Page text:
One Last Thing
While I cannot exhort you enough to really go to Jesus with this, and not shake it off as nothing, I want to say something with complete clarity: I am not saying that we shouldn't rejoice with those who are experiencing success in weight loss. Or if you have a friend who is feeling a stirring to put a little more effort into her outer beauty and it's stirred by her inner beauty, her pursuit of Jesus and his pleasure would be in her celebrating how he made her beautiful, it's ok to hell her she looks great. I've had friends read this series and apologize for wanting to tell me I looked pretty or that they were proud of me for doing my first 5k. May this not be so!!
I'm simply saying this: may we care even more about someone's walk with Jesus than their external beauty.
Be careful to celebrate weight loss because you just assume that weight loss equals obedience of God. Don't gush over someone's new clothes / haircut / hair color / make-up because you only care that she looks prettier and assume all is well in her walk with God. While I love it when people rejoice with me, I pray that women who love me would be even more willing to ask questions and pursue my heart. I want women not to just say how good I look but it check and see if my external beauty is a reflection of Jesus' work in my heart and not the work of deception, me pursuing the world's lie that my worth is intrinsically linked to how "great" I look.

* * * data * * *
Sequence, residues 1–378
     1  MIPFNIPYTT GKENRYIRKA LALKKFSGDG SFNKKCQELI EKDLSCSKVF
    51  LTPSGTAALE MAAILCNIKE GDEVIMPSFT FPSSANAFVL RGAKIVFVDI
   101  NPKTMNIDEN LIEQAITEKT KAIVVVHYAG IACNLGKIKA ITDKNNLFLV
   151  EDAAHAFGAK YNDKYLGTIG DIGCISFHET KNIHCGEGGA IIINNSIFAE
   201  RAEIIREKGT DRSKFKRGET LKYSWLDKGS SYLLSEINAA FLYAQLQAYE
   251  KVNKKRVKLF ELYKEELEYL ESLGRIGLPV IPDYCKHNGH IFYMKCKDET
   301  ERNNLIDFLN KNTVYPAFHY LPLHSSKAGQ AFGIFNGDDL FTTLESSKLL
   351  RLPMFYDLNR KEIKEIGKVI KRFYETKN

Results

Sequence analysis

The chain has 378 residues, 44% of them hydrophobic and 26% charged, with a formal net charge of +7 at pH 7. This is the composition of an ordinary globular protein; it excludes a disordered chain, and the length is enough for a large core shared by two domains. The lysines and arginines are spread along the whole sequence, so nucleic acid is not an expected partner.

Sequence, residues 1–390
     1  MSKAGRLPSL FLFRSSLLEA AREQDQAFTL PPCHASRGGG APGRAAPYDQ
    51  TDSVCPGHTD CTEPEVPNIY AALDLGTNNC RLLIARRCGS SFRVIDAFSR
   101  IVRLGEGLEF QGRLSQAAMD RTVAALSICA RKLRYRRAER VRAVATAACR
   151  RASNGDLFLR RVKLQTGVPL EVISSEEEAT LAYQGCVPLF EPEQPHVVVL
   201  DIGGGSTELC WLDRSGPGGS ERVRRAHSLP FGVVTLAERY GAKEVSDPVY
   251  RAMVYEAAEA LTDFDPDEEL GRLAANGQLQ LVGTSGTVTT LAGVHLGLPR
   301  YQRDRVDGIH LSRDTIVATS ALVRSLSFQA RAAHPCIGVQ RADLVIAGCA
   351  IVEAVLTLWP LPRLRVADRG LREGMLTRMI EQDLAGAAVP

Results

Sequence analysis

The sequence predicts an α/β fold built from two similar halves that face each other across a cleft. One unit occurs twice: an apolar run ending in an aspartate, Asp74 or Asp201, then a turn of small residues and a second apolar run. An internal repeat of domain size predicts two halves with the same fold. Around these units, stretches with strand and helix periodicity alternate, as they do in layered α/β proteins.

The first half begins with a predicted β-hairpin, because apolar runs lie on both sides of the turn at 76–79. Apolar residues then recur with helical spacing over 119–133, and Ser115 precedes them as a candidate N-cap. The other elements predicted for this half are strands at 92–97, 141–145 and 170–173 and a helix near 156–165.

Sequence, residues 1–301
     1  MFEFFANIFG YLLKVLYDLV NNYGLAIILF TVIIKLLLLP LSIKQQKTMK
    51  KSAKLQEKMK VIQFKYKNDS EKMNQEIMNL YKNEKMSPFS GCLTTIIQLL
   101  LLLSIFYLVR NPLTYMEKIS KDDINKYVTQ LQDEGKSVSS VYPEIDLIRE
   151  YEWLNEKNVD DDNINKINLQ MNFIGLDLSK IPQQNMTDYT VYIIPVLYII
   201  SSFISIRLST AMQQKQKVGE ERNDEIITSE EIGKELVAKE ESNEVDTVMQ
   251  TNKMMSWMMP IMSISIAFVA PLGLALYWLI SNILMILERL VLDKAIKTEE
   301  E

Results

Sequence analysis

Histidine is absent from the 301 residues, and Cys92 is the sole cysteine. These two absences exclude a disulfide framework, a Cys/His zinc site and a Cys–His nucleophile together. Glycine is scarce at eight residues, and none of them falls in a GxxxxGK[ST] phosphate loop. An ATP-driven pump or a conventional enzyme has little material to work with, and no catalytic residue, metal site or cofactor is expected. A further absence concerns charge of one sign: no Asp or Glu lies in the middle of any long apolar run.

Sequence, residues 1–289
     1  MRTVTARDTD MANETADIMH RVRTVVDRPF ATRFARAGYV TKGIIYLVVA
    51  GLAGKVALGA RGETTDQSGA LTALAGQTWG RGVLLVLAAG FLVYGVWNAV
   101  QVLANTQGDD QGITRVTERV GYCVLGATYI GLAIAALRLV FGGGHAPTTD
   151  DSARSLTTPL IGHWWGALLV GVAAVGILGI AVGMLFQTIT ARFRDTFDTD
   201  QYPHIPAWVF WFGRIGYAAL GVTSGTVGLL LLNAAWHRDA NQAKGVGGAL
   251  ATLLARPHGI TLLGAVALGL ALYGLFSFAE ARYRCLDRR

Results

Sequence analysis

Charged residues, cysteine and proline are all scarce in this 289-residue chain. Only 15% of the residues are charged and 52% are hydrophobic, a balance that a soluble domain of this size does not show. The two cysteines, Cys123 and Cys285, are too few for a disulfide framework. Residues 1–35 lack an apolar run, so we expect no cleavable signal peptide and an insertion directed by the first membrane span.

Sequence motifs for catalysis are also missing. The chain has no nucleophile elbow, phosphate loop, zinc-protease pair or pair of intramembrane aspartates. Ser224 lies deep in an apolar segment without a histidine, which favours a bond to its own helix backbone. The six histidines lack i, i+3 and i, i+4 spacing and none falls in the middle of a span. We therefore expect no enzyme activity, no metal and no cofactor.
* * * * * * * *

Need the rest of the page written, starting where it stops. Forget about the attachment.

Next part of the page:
With that, I will rest my case for Jesus. Tomorrow's the very last one and it's so super precious to my heart. I pray you will be blessed and that together we'll walk forward with Christ, never quite the same because we delved into these areas that so often are kept in the dark, hidden away and not spoken of. I pray we look the most like Jesus, whether we resemble someone on the cover of Vogue or Glamour or Fitness magazine or not.